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At the Port Washington Board of Education meeting on Tuesday, July 5, the board reorganized, unanimously electing Robert Seiden as president and Mark Marcellus as vice president for the 2005-06 school year. In addition, the board adopted a contingency budget.

Seiden, the only candidate for president, said he wants to lead the board of education through a "new era in Port Washington." He stressed the need for community solidarity.

"It is important to work together," he said. "We must come together for the sake of the school system and the town. We must recognize a truth: The 'no' voters are our neighbors. The enemy is mediocrity."

Additionally, Seiden, who has previously said the board must use creative ways to influence voters, suggested that the board's positions be disseminated by methods such as live broadcasts on public-access television, streaming Internet videos, town hall meetings and newsletters.

"We hear you, and we will always try to do the right thing in balancing competing interests," Seiden concluded.

Community comments had one overriding theme: the increases in the kindergarten class sizes that were proposed at the previous meeting. These proposed increases would bring the number of children in kindergarten classes to the mid- to high 20s.

"I moved to Port because of its school district," said Marjy Fisher, a mother of three. "I am shocked and outraged with the 26, 27, 28 person [kindergarten] classes. Children should start out with the attention they need."

Although much of the focus was on the kindergarten cuts, Ellen Fox, the mother of a high school student, asked the board to avoid drastic cuts in high school extracurricular activities because high school students need these activities to get into competitive colleges. County Legislator Craig Johnson's comments were enthusiastically received. "I offer my services in going forward," Johnson said. Cuts in state aid from 21 percent in past years to 5 percent this year are "deplorable."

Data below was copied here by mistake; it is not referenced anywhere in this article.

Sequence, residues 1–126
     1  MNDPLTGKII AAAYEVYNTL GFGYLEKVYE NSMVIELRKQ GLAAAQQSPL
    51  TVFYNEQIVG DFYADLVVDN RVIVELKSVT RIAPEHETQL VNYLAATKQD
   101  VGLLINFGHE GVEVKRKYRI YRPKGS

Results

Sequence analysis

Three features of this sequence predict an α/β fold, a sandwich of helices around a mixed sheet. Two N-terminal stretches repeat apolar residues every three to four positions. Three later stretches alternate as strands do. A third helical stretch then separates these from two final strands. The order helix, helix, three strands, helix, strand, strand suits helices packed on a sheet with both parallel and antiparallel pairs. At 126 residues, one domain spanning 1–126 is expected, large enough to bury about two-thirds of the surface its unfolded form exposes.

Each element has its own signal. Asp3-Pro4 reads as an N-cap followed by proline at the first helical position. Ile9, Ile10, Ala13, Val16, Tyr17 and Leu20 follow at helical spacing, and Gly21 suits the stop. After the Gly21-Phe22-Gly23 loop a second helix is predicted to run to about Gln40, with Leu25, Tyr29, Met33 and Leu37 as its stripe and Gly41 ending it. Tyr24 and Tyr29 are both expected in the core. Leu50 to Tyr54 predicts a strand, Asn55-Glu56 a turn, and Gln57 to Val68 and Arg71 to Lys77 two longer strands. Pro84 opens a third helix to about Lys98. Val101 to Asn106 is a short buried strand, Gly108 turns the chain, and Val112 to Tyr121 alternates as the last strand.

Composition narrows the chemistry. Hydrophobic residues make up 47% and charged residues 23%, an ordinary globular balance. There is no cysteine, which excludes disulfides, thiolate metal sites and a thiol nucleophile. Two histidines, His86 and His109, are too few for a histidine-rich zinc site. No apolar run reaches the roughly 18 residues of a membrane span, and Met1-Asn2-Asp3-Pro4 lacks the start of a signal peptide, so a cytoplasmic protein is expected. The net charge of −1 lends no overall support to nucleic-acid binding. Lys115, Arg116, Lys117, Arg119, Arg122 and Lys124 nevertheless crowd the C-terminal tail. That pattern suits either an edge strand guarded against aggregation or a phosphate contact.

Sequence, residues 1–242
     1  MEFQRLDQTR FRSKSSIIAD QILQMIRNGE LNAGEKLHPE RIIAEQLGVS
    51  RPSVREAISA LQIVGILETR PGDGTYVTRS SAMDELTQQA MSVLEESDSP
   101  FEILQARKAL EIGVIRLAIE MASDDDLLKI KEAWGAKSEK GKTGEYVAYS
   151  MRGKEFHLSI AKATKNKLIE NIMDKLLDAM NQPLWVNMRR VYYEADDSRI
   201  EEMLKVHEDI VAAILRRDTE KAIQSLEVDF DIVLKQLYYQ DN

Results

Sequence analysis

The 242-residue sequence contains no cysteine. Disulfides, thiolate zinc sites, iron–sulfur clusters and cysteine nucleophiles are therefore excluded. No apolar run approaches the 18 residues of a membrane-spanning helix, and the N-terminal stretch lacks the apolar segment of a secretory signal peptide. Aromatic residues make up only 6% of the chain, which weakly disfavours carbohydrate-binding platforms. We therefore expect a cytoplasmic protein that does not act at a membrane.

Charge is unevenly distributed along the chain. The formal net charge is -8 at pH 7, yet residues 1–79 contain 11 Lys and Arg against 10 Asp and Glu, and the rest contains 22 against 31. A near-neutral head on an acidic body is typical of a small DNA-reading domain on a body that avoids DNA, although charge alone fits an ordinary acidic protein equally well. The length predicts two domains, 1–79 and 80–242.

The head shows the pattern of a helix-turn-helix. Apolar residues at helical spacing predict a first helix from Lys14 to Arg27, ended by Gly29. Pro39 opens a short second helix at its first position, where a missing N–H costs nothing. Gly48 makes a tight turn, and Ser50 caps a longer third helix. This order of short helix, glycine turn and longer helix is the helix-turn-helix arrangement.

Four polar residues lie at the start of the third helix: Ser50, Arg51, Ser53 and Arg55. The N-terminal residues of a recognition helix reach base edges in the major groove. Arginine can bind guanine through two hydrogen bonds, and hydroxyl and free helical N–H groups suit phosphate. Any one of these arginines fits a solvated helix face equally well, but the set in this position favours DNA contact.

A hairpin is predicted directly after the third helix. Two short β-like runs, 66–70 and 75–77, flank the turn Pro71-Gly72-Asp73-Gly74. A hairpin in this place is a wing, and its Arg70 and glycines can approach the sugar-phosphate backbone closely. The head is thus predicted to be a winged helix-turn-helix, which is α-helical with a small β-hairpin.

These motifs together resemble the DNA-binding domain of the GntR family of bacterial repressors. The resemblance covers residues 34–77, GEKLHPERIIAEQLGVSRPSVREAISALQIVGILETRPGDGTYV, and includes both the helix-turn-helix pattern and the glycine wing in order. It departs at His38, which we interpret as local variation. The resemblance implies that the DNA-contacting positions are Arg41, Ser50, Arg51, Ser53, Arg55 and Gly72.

"We must force assembly members to step up," he said. "What we need to do is to work together and call upon Albany to stop unfunded mandates." In response to the great outcry about kindergarten class sizes, Superintendent Geoffrey N. Gordon proposed three ways to restore kindergarten, first-grade and fifth-grade class sizes to the status quo. Although he said that he and the board dislike each of these options, he maintained that they are a necessary step to meet the financial requirements of the contingency budget, which are set by the state.

The first option would be to maintain the class-size increases in the Salem, Daly and Sousa kindergarten, Manorhaven first-grade and Guggenheim fifth-grade classes. This would result in class numbers in the mid- to high 20s.

The second option is to cut 2.3 social workers. This would return class sizes to between 16 and 19 children per class for the previously mentioned grades; however, the duties and responsibilities of the social workers would then be put on guidance counselors and psychologists. "The at-risk kids need a voice," Fox said in opposing this idea. "[The guidance counselors and psychologists] would be unable to fulfill the responsibilities of the social workers."

Finally, a third option would eliminate one special-education teacher, 0.5 physical education teachers from both Weber and Schreiber, and special-education and physical-education class sizes, Gordon labeled the third option as "the most viable." The cost of facility use by community groups and the public was another topic of interest. "Rather than penalize our community, the track and tennis courts will be open through July and August," Gordon said.

Schreiber principal Jay Lewis reported that high school class sizes are "clearly moving up into the mid-20s." Because some specialized and support classes have significantly smaller sizes, the overall average class size remains relatively low. However, the core subject classes are "creeping into the upper 20s," which will have a "detrimental effect," Lewis said.

Although the contingency budget was adopted, obstacles remain for the board. Facility costs, class sizes and extracurricular losses will affect the community in the coming months.


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